Eugenics as a Greed and the Last Decade of Galton's Fife 299
albinism in man has been going on for three years and is far from completed; it is precisely so with the tuberculosis and insanity researches. No Fellow in his one or two years of work could attempt to complete a six years' research of this kind, but he could help in carrying on such work, and publish during his period of office such researches as happened to be nearing completion. I think in this way he might keep the eugenics idea before the public; but the scheme is essentially based upon the "secular" accumulation of data and' continuity in the direction of the office such as we have had here in our biometric work. If you think I could aid in such a plan I will do so willingly, and am ready to place at the disposal of your office such inquiries as we have in band relating to man, but I should need to control the manner in which the data were reduced, and see that the material which has taken considerable time and much energy to collect was properly dealt with.
On the other hand I am conscious that much maybe done on eugenic lines apart from biometric methods, if you can only get the right man, but it is doubtful whether there would be continuity in the work or any permanent collecting of records. Still an able man would advertise the subject much better than I can do with many other claims on my energies, and I do not wish to minimise this aspect of the matter. I will always under any conditions of your Office, give it what aid lies in my power and you may wish for. My hope would be that, if you let matters slide for a little now, you will be ready and able to take up the directive work again in a few months' time.
I have no idea what Lister will say, but I expect it will be a protracted fight ! There is another man asking all sorts of questions in the Times to-day !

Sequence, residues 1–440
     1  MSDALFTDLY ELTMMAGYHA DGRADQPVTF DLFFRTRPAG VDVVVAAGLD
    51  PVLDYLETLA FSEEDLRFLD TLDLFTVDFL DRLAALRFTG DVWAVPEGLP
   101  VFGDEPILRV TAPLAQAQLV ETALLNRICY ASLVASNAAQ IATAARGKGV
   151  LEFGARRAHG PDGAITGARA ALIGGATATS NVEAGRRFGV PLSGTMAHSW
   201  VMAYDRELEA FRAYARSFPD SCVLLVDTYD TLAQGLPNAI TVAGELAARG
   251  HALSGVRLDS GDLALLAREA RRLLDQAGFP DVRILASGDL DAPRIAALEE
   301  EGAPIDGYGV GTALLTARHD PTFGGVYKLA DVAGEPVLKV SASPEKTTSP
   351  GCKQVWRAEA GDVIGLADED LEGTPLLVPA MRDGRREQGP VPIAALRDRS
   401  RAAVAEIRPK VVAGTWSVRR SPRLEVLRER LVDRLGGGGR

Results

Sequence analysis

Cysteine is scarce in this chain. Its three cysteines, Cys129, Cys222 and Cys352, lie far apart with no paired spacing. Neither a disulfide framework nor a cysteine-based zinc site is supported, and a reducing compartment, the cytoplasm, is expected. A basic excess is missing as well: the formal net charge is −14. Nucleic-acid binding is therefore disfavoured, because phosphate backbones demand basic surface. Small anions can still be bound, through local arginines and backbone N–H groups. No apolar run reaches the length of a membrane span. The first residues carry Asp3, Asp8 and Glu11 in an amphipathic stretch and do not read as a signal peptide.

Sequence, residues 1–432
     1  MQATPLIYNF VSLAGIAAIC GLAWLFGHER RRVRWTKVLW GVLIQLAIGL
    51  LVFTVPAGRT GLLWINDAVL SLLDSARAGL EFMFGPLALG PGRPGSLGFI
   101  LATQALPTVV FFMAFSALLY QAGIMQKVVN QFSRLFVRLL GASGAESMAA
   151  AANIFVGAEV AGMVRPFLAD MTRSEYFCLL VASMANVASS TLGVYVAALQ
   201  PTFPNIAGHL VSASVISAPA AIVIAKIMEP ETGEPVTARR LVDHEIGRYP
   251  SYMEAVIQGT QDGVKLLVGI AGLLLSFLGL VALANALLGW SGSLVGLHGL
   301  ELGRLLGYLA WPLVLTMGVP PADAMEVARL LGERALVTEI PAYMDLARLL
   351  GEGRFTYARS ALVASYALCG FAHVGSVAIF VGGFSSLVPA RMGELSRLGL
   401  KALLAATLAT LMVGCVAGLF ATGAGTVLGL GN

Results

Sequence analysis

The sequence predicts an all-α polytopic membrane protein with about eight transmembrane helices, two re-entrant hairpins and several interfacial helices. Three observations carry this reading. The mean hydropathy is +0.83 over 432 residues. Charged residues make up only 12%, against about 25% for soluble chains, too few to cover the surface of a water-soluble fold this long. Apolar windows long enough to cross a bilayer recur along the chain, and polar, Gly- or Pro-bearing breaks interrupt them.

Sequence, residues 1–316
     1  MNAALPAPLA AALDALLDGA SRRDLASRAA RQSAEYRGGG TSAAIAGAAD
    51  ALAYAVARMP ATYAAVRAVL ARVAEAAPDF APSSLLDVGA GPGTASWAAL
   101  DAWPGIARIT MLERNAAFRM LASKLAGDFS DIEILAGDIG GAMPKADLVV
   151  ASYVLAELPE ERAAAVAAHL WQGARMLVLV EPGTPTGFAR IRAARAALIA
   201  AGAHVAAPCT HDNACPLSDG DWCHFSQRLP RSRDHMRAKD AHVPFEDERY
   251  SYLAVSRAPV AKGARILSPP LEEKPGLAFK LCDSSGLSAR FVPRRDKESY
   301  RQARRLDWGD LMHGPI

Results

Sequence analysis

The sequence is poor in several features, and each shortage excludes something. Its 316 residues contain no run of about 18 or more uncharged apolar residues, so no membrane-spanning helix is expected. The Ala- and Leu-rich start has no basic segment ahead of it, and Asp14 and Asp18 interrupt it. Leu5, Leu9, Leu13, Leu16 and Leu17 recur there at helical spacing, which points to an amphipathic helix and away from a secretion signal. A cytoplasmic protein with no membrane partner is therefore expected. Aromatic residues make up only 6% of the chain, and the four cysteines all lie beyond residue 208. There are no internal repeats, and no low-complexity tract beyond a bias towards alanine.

Affectionately yours, KARL PEARSON.
It will not be needful to print more than one other letter from me regarding the association of the Eugenics Record Office with the Biometric Laboratory, namely, that of placing before Galton the draft plan of the "Galton Laboratory for National Eugenics " (see below, pp. 304-307). I do this to indicate that the lines on which that Laboratory has been run since Galton's death were settled by the letters which passed between us in 1906, and to remind the reader that the Galton Laboratory was actually started early in 1907 under its present Director, and except in the matter of greater power and. activity was not modified in any essential manner by Galton's death in 1911. It is, perhaps, unnecessary to state that the text of Galton's will of 1908 and the codicil to the same will dated 1909 were not those which the following letters indicate that he put before me for criticism in 1906; the latter belonged to a will of the same year. The substance of the final paragraph of the codicil of May 25, 1909, was first made known to me by Galton's executors.
While in 1911 I was glad and proud to be elected Galton Professor, especially as it was in accordance with Galton's wish, it was with much hesitation that I took over in 1906 the voluntary task of supervising his Eugenics Office. Above all things I dreaded that any difference of view between us as to work should in the slightest impair what to me was a most perfect friendship. It is a sign of Galton's generosity and large-mindedness that although he remained thoroughly interested in what we did, he never once attempted in the least to control us or to express anything but keen satisfaction in our proceedings. When I recall that Galton was always a man of very definite opinions, that the science of Eugenics was his creation not mine, and lastly that in these four years of my supervision Galton passed from 84 to 88 years of age,-a time when the majority of those who survive grow querulous and